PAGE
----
In a written announcement about the policy change, the IRS said it and the US Department of Justice would “vigorously defend or prosecute all future COLI litigation” after allowing a 45-day period for the change to take effect.
In August 2001, the IRS said it would allow companies who had purchased broad-based COLI plans after June 1986 to settle if they agreed to concede 80% of the COLI interest deductions.
The IRS announcement said it had a change of heart after federal appeals courts in three COLI cases had denied the interest deductions after ruling that the COLI plans lacked economic substance.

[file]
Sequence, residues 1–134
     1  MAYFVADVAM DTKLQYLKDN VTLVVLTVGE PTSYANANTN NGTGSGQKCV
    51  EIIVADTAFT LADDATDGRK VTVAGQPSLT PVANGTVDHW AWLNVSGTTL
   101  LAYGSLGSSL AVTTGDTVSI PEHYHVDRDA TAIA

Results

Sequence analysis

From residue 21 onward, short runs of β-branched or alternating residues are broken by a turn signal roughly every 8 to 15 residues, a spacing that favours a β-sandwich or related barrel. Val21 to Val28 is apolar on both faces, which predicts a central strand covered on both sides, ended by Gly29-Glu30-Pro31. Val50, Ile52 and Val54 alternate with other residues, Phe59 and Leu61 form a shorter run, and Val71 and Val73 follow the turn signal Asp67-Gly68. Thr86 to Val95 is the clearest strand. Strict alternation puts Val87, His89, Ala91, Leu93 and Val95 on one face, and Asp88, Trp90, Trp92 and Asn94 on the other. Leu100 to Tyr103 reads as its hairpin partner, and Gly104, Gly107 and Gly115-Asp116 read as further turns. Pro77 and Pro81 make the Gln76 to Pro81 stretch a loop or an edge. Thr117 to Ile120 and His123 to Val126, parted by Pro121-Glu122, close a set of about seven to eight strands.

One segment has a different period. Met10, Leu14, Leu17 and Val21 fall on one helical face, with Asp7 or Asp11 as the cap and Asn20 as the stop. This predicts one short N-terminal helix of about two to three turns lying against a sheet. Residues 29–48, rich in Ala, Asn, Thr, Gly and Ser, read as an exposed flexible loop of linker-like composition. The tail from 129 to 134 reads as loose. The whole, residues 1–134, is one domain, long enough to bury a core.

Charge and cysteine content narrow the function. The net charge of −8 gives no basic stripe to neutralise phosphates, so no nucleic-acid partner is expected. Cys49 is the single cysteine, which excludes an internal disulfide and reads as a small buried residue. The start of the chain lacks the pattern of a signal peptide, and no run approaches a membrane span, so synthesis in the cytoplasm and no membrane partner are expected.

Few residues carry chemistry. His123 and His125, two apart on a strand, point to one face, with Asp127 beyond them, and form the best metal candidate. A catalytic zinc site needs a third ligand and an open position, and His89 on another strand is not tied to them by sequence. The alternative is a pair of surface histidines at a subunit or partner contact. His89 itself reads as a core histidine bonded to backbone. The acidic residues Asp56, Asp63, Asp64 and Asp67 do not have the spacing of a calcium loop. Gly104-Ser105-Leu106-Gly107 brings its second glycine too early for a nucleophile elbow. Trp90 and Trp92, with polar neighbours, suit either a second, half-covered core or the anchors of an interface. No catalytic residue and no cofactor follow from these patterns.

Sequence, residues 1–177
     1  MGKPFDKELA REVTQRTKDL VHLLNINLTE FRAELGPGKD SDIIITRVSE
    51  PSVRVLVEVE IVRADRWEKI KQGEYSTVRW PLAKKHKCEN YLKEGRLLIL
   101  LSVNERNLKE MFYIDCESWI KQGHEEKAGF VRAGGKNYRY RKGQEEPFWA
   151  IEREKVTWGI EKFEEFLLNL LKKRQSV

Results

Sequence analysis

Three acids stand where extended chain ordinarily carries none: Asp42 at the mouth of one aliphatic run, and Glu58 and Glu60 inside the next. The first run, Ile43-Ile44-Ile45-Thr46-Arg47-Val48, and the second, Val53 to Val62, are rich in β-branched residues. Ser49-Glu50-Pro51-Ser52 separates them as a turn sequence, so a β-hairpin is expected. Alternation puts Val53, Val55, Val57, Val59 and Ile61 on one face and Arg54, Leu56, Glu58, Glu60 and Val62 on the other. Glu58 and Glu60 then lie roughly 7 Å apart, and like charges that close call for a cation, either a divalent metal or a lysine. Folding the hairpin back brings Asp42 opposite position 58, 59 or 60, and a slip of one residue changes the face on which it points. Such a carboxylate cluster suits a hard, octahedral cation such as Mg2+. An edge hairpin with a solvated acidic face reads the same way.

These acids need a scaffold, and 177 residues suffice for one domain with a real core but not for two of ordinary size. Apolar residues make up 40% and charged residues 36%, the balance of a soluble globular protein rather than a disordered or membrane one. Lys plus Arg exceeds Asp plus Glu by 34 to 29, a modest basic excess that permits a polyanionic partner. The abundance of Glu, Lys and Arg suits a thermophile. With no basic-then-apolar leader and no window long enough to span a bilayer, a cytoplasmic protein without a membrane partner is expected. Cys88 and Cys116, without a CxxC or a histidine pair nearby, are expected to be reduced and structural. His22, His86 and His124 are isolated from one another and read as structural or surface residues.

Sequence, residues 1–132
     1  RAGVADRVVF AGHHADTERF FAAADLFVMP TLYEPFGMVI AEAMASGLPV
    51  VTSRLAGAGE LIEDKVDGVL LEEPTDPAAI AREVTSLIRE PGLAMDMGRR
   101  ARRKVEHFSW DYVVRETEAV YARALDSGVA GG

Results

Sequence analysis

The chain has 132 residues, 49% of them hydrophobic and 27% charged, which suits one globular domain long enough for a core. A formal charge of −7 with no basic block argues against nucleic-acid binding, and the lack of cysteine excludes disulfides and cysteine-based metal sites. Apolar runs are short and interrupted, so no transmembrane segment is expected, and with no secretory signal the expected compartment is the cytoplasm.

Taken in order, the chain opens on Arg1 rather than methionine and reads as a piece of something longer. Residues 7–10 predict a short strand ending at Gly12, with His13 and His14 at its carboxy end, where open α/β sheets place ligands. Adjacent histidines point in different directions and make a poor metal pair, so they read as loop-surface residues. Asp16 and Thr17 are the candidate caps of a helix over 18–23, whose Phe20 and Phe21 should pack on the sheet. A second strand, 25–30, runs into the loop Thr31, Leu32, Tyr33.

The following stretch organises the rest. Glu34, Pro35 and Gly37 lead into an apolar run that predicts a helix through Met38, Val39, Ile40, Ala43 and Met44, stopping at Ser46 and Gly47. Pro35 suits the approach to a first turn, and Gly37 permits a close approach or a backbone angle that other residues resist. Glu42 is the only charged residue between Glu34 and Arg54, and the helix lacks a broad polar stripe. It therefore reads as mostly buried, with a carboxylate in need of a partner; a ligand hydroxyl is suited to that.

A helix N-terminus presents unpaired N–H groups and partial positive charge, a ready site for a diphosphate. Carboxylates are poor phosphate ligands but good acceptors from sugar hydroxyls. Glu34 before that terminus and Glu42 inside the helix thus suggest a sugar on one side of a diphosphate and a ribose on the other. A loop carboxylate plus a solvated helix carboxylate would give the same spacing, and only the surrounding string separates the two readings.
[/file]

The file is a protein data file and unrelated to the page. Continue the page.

In one of the cases, appeals judges also upheld the IRS’ move to penalize the company for understanding its income as a result of taking the COLI deductions.
The IRS said it had sent letters to companies with COLI plans, which stated that the firms had to submit a written offer to settle within 45 days from the letter’s date. The letters contain instructions about how companies interested in settling can do so, the IRS said.
The COLI issue, which involves companies taking out life insurance policies on certain employees, has been a controversial one in recent months because, among other things, the policies generate tax-free income for the firms buying them.
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